The status value of a new smartphone is declining in line with its added utility. Users flaunting handsets with cracked screens are one indicator. Another is a profits warning from Dixons Carphone. The UK electrical retailer says customers are hanging on to their old iPhones for five months longer, well over two years. A slump in the shares reflects fears of deeper structural change.
Optimists see a buying opportunity. It is easy enough to build a bull case. Dixons Carphone forecasts profits before tax of £360m-£440m in 2017-18. The midpoint is around £100m below prior consensus. But the matching 23 per cent drop in the shares on Thursday could be excessive, given the composition of the earnings decline. This includes a big non-cash swing in debtor valuation and a deferral of some software revenues.
A bear would counter that the market response contained a big dollop of pessimism relating to smartphone fatigue. For consumers, replacing a phone is becoming a chore rather than a pleasure. Dixons Carphone made little allowance for this in its guidance, thanks partly to good electricals sales. Chief executive Sebastian James believes the launch of the iPhone 8 will reprise the moderate success of the iPhone 6S, rather than the flop that was the iPhone 7.
Longer term, it is prudent to imagine smartphones will become as much of a commodity as toasters. Dixons Carphone sells these too. The business was created through a defensive merger in August 2014. This was executed with élan by Mr James, who was assisted by the previous collapse of Comet and subsequent demise of Phones4U.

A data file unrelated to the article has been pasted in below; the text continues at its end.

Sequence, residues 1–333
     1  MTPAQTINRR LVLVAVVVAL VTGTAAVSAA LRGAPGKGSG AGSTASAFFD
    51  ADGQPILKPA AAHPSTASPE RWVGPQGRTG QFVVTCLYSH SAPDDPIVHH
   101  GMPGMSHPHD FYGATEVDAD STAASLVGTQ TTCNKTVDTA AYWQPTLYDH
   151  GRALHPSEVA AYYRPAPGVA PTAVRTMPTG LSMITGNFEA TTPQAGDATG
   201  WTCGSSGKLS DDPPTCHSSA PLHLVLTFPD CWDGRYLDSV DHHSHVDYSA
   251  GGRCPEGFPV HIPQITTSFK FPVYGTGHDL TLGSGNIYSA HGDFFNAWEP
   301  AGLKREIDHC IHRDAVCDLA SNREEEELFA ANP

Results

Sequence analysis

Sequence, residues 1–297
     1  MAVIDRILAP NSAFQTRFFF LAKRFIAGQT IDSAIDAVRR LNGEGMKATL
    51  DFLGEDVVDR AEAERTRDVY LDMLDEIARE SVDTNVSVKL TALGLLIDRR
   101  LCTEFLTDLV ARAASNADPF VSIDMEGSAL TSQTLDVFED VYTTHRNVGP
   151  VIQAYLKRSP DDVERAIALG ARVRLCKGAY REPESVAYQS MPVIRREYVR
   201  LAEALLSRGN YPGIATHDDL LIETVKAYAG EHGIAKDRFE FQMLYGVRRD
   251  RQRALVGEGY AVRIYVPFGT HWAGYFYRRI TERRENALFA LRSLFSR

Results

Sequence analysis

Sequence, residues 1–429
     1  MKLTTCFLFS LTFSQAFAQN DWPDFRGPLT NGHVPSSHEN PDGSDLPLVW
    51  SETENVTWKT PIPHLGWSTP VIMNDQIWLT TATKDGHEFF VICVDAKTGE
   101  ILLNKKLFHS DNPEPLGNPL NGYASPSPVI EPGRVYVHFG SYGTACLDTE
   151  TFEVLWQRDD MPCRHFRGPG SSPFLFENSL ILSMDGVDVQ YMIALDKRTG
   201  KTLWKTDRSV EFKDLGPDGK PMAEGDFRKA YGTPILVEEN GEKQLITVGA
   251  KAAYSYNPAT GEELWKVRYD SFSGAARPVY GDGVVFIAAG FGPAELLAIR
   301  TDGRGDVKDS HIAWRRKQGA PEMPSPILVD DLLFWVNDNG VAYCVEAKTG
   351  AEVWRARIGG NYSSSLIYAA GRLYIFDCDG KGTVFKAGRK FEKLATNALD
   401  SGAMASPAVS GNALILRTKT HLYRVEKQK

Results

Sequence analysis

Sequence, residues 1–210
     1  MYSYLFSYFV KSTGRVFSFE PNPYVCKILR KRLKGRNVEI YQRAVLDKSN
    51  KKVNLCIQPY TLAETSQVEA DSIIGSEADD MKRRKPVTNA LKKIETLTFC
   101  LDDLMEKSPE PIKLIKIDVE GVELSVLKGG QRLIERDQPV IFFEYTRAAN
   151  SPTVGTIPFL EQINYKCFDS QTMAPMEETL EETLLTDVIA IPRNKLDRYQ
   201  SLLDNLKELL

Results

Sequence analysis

The shares have dropped 64 per cent below their post-merger high. Dixons Carphone should still avoid the mournful fate of its rivals. A forward earnings ratio of seven times and a yield of 4 per cent shows investors rightly anticipate little growth. A dividend cut is possible.
Dixons Carphone was the third large UK business in three days to warn on profits. At one level, this was autumnal business as usual. UK companies habitually dial back optimistic City profits forecasts during the second half. More worryingly, all three companies — WPP and Provident Financial were the others — are menaced by structural decline. What big, fast-growing companies can the UK brag about to counter that? Vanishingly few.
The Lex team is interested in readers’ views. How serious is the structural growth issue facing Dixons Carphone? Please tell us what you think in the comments section below.